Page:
Building Momentum for Lebanese Innovation

Building Momentum for Lebanese Innovation


Recent achievements have demonstrated again that Lebanese startups can compete and win on the global stage. Can we unleash the positive tidal wave of Lebanese entrepreneurs?

Lebanon is a small country with an estimated population of 4.4 million people, plus approximately 1.5 million refugees, both Syrian and Palestinian.

India currently has approximately 1.3 billion people and is one of the leading technology hubs of the world, and the United States has around 325 million people and is the global leader of innovation and higher education. Yet in the latest round of the Global Social Venture Competition, one of the premier business competitions worldwide, organized by the University of California – Berkeley Haas School of Business, the winning team waved the Lebanese flag, flanked by the American and Indian teams as runners-up.

Indeed, in the last several years, the innovation economy in Lebanon has been taking great strides toward building competitive teams that have been gaining recognition in the region and globally – winning competitions, presenting in conferences, mobilizing investment and attracting talent and customers worldwide. While there are many high growth Lebanese enterprises, including tech companies (such as Anghami, Multilane, Element N, MyKi, InMobiles and many others), it’s important to highlight the achievements of early-stage enterprises. Focusing on startups helps build a culture of innovation and entrepreneurship, encouraging more people to take the plunge into creating new ventures.

The first half of 2018 saw many notable achievements by early-stage startups from Lebanon. In a string of strong showings, two startups stood out: FabricAid and Spike. Beyond being two high-powered teams building great products, with a knack for mobilizing customers, funding and the delight of judges worldwide, both of these teams are also social impact startups, working to build a strong revenue stream while also addressing critical social issues.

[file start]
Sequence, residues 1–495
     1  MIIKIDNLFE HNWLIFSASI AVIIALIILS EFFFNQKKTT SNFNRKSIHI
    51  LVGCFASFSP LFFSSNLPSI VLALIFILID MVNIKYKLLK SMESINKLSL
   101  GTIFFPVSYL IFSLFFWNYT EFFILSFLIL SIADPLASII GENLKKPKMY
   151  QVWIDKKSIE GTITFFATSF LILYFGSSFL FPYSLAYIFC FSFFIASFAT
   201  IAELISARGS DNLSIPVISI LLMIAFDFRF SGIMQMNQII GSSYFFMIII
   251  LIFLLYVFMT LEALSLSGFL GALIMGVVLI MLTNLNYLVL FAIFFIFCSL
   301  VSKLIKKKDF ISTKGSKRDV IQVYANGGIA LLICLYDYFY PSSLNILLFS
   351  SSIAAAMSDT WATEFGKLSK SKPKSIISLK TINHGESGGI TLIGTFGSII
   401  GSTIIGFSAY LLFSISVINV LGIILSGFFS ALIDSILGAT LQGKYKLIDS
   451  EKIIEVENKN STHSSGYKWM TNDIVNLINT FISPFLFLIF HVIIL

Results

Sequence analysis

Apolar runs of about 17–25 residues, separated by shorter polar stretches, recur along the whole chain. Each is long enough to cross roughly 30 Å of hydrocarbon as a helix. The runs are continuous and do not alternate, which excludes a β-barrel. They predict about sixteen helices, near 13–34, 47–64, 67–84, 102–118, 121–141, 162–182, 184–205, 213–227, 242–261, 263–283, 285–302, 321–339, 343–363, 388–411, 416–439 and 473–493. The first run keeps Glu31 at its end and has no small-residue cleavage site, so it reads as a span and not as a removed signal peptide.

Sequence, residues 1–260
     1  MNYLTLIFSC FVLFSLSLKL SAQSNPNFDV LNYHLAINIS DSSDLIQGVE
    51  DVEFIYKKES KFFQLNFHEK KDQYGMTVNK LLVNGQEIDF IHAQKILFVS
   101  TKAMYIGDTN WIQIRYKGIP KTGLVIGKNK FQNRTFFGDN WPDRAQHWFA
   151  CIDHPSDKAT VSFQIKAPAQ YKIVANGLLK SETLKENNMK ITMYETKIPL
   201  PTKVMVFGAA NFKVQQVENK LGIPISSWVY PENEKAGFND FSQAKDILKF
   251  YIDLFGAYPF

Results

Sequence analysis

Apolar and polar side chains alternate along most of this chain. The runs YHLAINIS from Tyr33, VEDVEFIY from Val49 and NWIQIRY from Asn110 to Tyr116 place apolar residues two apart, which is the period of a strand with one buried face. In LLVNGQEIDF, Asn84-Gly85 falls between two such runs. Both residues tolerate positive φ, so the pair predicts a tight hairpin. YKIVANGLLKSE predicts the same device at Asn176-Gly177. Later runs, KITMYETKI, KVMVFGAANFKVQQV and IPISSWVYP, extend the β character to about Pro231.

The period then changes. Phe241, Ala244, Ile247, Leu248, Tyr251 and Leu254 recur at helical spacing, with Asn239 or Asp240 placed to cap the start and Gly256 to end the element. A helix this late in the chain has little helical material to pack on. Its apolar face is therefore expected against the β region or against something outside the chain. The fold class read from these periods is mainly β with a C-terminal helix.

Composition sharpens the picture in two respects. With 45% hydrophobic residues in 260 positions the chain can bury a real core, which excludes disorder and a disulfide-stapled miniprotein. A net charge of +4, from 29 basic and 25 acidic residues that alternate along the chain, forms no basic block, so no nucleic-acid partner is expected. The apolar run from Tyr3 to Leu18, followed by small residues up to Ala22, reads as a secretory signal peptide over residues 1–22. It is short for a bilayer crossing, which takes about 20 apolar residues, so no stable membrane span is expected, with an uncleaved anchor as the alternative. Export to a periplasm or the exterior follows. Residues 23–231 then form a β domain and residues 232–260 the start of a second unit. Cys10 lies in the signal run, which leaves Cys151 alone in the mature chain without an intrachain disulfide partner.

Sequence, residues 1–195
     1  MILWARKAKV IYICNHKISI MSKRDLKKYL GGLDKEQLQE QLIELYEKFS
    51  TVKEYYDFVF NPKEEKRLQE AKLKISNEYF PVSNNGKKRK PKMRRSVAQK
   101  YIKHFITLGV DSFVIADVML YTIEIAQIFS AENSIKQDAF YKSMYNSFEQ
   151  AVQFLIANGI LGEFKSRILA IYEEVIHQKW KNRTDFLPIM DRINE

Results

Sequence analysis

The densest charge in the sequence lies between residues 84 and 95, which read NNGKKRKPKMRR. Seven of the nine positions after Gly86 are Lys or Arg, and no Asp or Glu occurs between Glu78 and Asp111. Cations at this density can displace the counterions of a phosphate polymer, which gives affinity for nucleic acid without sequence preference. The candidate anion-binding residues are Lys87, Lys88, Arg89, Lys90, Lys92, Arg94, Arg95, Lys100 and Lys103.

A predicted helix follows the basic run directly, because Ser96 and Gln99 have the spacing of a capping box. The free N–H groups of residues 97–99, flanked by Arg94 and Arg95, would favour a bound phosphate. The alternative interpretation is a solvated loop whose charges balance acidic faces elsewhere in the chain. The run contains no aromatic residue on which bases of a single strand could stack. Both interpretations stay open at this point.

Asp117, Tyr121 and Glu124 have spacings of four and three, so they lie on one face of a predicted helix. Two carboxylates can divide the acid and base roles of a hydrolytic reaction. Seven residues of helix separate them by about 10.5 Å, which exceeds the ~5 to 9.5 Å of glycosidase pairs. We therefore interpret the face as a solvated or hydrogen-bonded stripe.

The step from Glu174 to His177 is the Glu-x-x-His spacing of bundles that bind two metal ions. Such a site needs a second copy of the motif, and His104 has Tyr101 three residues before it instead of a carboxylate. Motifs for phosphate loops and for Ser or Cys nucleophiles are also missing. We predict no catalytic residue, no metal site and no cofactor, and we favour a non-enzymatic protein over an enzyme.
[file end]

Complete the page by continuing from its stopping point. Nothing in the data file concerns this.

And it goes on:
At the regional level this year, FabricAid was first runner up in the Social Entrepreneurship Track and Spike was first runner up in the Ideas Track at the regional semi-finals of the 2018 MIT Arab Competition, among 76 teams competing, with 19 from Lebanon (the largest delegation).

Again, at the Harvard Arab World Conference, Spike took first place and FabricAid second place. And at the Lebanon finals for the Get-In-The-Ring Global Competition,organized by Speed@BDD Accelerator, FabricAid won the top spot and Spike was runner up.

Photo courtesy of FabricAid

Creating a new industry while helping those in need

FabricAid is creating an entirely new industry in Lebanon and the region in
the multi-billion dollar second-hand clothing market. Though not known to many people, second-hand and discount clothing are huge markets for sellers and buyers, in Lebanon, regionally and globally.

The FabricAid team (Chief Technology Officer Hussam Hanouni, Chief Executive Officer Omar Itani and Chief Communications Officer Lynn Abi Aad) realized that while Lebanese NGOs currently mobilize around 800 tons in clothing donations per year, the equivalent of eight Airbus planes, the domestic capacity for imported clothing is actually around 30,000 tons per year, the equivalent of 360 Airbus planes. This includes 15,000 tons of first-hand clothing (to be sold in Zara, Jack and Jones, Mango, etc.) and 15,000 tons of second-hand clothing.